In the years and decades ahead, many Lower Cape residents will see new sewer lines being installed in their neighborhoods, part of efforts to meet state-mandated limits on nutrient pollution. And while they can expect to collectively spend hundreds of millions of dollars to build those systems, they’ll also have to spend several thousand dollars each to connect their homes.
To that end, Barnstable County officials are reminding the public about a time-tested program designed to lessen that financial burden. It’s the county’s Community Septic Management Loan Program, and in its 11-year history, it has already loaned some $40 million to help Cape Codders connect to sewers or replace their failed residential septic systems.
The program offers fixed-rate 20-year loans covering all costs related to either hooking up to a sewer system or replacing a failed septic system. The loans carry a 5 percent interest rate, and the average loan size is $11,000.
“With the cost of repairing and replacing failed septic systems on the rise, it is no surprise the program is a success,” program administrator Kendall Ayers said. “Having a failed septic system is a crisis for a homeowner. It goes beyond the financial burden with the potential for negative effects on quality of life and even health,” he said.
The loan program eases the pain of that unexpected financial hit, “but more than that, it enables projects to be done as quickly as possible so people can resume their normal lives,” Ayers said.
Since May 2006, the program has loaned $40 million to Cape Cod property owners, financing more than 3,600 projects. Most loans are processed in 24 hours, Ayers added.
Unlike some government programs, the county’s Community Septic Management Loan Program has a stable funding base. Through the county’s department of health and the environment, the program is funded by the Massachusetts Clean Water Trust, using funds from the federal EPA. Those monies are supplemented by state matching funds and loan repayment revenues from previous borrowers. When loans to the county are repaid, the money is recycled and lent out again.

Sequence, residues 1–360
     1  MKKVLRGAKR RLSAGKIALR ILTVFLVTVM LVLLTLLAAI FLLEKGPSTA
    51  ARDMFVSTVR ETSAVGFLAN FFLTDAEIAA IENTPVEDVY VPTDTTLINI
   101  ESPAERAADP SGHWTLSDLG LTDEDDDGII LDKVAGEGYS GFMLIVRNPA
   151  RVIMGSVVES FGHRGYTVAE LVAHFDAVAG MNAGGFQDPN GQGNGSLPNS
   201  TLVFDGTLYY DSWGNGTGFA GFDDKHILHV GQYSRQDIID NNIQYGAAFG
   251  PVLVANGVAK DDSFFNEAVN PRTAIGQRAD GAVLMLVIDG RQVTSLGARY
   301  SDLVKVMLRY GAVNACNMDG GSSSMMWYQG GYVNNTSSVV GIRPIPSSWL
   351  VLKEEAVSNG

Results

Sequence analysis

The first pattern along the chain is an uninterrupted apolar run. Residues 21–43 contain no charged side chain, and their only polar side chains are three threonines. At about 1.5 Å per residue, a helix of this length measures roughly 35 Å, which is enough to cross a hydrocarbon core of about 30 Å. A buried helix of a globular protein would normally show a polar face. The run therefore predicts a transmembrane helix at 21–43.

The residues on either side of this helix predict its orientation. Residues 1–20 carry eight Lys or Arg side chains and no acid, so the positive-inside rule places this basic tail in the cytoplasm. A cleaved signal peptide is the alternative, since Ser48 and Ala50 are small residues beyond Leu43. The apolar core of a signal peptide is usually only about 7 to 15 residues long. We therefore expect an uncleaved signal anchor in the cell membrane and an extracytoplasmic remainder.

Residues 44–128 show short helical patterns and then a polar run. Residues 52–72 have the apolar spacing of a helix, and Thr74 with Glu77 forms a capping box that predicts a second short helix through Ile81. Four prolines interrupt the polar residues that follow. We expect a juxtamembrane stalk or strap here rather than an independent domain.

While the program focuses on failed septic systems – like ones that cause waste to bubble up in the yard or back up into basements – it also funds the cost of sewer hookups, Ayers said.
“When a town installs sewer systems and requires that certain residents hook up to the system, their existing system would be deemed non-compliant or non-conforming, hence failed so they would qualify for a loan,” Ayers said. “We are presently funding sewer hook-up projects in Chatham, Barnstable and Falmouth and would be happy to work with residents in Harwich and Orleans in the future.”
The program covers anything residential including primary homes, rental properties, seasonal properties and condominiums. Funding will remain available for the foreseeable future, Ayers said.
When the program began in 1997, Barnstable County had contracts with all 15 Cape towns for program administration but only the towns had the authority to borrow and assess betterments. As a result, sometimes critical projects were delayed by the need to get individual authorizations from town meetings. This changed in 2006 when the Cape Cod congressional delegation, working with Barnstable County Commissioners, successfully sponsored legislation enabling the County to assess betterments to secure the loans. At that time, the Barnstable County Assembly of Delegates gave the County the authority to borrow $30 million from the Massachusetts Clean Water Trust for loan purposes. This enabled the County to take on full responsibility for the program on behalf of Cape towns including the billing and collecting of payments.
“I am very proud to be part of this very successful Barnstable County program serving the residents of Cape Cod for over 11 years now,” Ayers said.
For more information, visit www.BarnstableCountySepticLoan.org.